This is the most challenging and rewarding day of the hike. A three-hour walk takes us to the top of the first pass of Puccaqasa (approximately 4,370 meters high). After enjoying picturesque views of the valley, it’s a short walk before stopping for lunch. Afterwards, make the two-hour hike to Kuychicassa, the highest pass of the trek at 4,450 meters. From here, descend to the sacred site the Incas called Intipunku (Sun Gate), with views of the Nevado Veronica mountain. Head to the campsite, which is only a stone’s throw away at Choquetacarpo.

Route 3 Train:
Today, perhaps use your free day indulging your inner foodie in the eateries of Cuzco. Head to lunch at the arty Fallen Angel restaurant, and if you still have room for dessert, the ChocoMuseo offers tastings and chocolate-marking workshops.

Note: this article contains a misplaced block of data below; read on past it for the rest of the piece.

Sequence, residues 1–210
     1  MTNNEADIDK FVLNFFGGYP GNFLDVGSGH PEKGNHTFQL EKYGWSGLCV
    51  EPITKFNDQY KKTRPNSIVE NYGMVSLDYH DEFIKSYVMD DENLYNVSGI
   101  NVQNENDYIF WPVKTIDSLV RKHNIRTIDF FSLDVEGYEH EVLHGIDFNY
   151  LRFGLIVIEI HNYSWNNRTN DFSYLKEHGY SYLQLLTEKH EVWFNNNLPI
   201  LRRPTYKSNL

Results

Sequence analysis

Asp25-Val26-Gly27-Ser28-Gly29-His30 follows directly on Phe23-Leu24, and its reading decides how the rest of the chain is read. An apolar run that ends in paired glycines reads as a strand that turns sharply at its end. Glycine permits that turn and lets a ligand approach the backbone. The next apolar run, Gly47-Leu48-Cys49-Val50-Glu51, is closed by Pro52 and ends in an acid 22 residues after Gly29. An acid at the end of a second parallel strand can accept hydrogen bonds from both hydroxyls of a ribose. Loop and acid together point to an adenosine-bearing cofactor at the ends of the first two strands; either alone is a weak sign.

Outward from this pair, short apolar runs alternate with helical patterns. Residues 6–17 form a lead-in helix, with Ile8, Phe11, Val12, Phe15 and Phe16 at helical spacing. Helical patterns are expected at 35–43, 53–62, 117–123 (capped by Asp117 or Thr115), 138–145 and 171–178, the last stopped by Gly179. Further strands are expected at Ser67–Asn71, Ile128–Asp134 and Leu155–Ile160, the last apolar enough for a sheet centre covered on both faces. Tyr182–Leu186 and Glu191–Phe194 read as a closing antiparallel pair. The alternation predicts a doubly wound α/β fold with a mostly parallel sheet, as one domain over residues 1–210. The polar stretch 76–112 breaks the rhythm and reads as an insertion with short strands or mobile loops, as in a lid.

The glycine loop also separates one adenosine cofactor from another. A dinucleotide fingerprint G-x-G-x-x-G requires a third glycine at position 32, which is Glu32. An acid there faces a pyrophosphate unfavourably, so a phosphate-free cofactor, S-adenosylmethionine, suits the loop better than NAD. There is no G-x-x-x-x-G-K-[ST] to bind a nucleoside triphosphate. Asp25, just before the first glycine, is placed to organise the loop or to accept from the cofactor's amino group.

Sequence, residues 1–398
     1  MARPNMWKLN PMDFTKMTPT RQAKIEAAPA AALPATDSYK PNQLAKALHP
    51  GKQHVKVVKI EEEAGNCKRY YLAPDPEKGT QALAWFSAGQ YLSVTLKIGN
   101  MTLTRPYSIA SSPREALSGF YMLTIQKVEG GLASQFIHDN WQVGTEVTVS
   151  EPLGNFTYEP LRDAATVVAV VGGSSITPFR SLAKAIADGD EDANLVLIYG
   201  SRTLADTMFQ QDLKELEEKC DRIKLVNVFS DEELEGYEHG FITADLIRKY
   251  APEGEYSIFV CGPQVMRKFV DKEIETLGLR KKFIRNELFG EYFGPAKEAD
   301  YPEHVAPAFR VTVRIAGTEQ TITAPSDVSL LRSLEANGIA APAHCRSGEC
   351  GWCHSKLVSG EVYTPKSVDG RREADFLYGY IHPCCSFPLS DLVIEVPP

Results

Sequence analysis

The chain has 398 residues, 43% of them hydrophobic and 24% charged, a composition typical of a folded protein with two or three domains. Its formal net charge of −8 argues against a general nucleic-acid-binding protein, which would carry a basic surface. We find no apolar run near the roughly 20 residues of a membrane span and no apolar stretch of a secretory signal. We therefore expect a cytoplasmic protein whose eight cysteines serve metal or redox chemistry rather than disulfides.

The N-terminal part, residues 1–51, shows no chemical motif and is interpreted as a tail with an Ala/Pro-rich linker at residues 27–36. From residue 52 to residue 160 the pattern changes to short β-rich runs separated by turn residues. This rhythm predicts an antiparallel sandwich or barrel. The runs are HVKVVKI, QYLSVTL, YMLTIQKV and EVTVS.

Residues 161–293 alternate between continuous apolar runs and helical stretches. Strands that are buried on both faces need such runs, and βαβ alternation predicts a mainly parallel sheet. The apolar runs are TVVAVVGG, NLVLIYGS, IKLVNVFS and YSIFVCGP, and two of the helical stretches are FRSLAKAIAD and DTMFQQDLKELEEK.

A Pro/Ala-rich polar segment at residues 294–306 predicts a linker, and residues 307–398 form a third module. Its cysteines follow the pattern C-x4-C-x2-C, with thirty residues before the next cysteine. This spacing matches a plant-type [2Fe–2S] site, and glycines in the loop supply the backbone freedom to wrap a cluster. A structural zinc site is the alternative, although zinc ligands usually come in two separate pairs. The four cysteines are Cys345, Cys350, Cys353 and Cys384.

Please note: Included lunch and dinner on this day is for people trekking the Inca or Quarry Trail only.
Route 1 Classic Inca Trail:
Start the day with a climb through the Pacaymayo Valley to Runkuracay pass (3,980 metres). Enjoy views of the snow-capped mountain of Cordillera Vilcabamba before descending for around 2-3 hours to the ruins of Sayacmarca. Continue over the trail’s third pass to the ruins of Phuyupatamarca (3,850 metres), also known as 'Town Above the Clouds'. Start the two-hour descent down the Inca steps, which takes you to the final night's campsite by the Winay Wayna archaeological site.

Route 2 Quarry Trail: